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“Awesome” Alaska Repairs Roads in Just Days

“Awesome” Alaska Repairs Roads in Just Days

Major road repairs take a long time – unless you’re an Alaskan!

A week after a huge earthquake shook Alaska, the state has amazed the nation with its speed at repairing roads. Usually, major road repairs require more than just a few days. However, the Alaska Department of Transportation and Public Facilities got the job done within four days.

Alaska Tour & Travel shared before and after photos of a repaired off-ramp at Ted Stevens International Airport Road. The photos became something of a social media sensation. The quake had almost completely destroyed the road. However, in only a few days, the department repaired it, complete with new asphalt.

The photos garnered over 1,100 comments. People shared them more than 17,000 times as of Thursday night. One Facebook user called the fast repair “unbelievably awesome!” “Wow!!” said another. “Other states could certainly learn from this.”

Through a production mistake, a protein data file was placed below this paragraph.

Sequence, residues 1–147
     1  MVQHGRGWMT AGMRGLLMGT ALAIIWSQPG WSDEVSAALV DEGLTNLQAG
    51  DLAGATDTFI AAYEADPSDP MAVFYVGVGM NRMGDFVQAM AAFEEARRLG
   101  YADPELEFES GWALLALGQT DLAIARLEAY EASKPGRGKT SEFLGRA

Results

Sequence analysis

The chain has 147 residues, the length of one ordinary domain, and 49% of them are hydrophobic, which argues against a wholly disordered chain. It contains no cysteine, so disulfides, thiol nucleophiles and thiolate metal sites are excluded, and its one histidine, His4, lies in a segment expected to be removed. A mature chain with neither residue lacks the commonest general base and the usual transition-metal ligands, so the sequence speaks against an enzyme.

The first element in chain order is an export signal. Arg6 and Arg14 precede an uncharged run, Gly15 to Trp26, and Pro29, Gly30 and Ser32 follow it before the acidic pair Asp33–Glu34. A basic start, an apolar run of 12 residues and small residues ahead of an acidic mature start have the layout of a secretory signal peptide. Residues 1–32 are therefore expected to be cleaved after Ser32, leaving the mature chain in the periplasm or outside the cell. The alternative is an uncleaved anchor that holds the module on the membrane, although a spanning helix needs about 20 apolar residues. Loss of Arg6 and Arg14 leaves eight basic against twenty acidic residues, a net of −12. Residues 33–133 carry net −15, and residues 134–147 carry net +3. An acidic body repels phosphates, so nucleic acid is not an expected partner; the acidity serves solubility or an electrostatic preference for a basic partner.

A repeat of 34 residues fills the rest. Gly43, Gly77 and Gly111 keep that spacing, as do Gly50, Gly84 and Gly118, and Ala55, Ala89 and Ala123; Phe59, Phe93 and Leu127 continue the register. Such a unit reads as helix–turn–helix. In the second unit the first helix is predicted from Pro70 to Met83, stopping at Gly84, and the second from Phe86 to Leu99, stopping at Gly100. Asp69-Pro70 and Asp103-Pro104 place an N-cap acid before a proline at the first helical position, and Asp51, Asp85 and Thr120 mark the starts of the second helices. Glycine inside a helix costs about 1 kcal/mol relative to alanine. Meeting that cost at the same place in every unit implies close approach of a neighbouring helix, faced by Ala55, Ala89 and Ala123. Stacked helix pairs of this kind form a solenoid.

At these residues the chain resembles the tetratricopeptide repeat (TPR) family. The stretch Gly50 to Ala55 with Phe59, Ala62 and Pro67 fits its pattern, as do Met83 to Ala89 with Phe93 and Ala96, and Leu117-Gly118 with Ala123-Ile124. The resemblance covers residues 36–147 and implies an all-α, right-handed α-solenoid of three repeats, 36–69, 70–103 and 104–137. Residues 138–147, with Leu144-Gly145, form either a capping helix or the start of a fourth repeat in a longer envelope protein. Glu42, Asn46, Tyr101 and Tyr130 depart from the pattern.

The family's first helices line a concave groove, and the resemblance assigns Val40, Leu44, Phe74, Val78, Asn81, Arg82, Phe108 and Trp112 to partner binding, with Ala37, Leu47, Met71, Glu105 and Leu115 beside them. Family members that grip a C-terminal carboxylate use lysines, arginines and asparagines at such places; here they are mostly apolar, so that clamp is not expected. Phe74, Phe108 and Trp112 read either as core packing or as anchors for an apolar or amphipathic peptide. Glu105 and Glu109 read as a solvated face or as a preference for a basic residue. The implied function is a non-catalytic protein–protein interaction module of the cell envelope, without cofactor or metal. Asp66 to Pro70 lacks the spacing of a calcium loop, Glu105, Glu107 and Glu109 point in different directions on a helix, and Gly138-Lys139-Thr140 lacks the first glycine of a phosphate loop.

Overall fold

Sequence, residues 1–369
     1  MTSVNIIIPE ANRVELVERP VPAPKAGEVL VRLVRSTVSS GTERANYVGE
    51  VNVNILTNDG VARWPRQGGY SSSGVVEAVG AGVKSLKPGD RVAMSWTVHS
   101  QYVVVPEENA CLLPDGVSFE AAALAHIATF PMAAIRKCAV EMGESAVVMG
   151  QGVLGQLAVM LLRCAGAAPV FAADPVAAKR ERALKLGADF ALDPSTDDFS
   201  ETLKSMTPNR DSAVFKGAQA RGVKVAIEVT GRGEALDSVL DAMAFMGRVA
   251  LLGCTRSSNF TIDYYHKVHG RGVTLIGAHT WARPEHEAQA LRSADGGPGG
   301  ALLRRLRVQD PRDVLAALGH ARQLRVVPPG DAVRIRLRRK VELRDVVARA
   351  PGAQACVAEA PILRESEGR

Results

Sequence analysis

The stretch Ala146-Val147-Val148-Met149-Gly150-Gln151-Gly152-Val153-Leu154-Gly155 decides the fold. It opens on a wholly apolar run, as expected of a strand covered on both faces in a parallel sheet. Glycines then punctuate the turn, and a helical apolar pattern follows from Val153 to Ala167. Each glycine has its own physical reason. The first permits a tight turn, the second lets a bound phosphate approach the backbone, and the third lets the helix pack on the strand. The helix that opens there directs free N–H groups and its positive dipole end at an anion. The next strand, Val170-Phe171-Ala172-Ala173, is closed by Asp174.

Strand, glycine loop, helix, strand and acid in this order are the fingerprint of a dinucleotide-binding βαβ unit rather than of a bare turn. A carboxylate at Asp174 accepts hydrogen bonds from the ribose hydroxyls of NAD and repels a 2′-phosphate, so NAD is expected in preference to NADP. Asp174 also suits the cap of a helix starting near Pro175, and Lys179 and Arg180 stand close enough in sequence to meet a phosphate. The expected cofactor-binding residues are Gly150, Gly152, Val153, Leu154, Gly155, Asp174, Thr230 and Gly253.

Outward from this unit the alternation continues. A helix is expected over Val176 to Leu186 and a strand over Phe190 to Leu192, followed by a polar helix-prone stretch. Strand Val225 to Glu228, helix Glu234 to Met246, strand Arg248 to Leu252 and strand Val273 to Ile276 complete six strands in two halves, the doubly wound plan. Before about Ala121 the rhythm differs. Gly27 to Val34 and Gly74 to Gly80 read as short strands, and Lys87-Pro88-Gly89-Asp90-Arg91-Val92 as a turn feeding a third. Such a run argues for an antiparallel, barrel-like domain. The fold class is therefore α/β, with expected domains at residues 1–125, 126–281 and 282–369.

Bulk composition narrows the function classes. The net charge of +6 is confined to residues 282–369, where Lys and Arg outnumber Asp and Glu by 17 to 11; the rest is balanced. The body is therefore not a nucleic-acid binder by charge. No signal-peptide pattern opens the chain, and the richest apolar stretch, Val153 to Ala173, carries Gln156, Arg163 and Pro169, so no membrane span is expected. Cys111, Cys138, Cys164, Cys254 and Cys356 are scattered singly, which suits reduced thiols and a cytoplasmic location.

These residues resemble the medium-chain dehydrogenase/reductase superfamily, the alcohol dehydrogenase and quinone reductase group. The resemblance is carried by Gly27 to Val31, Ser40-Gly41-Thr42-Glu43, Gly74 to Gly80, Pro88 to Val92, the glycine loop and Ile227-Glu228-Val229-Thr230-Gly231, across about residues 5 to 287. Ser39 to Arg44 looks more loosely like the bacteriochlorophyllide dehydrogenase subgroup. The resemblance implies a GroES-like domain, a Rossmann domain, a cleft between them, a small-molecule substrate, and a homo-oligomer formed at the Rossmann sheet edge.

The department worked round-the-clock for about 72 hours to restore the northbound off-ramp near the airport. Fourteen people worked on the project, including seven laborers, five truck drivers, and two project engineers. Workers arrived on the site just three hours after the quake.

Crews faced freezing rain, light snow, high winds, and temperatures in the 20s. Alaska usually completes construction like this from May through September. The frozen soil and asphalt presented the biggest challenges to the repair, said department spokesperson Shannon McCarthy.

Work to Be Redone

In spite of the amazing speed of their efforts, the DOT’s work is far from finished. The repairs, completed in unfavorable weather conditions, only solve the road issue temporarily. The fixes are not permanent. The crews will have to redo the majority of their work in the summer.

Alaskans could use this good news after the 7.0 magnitude quake that shook the state a week ago. The quake has produced more than 3,000 aftershocks. Many residents are wondering when the aftershocks will stop, and according to a seismologist, that could take years. But at least Alaskans can feel great about their hardworking Department of Transportation.

 

 

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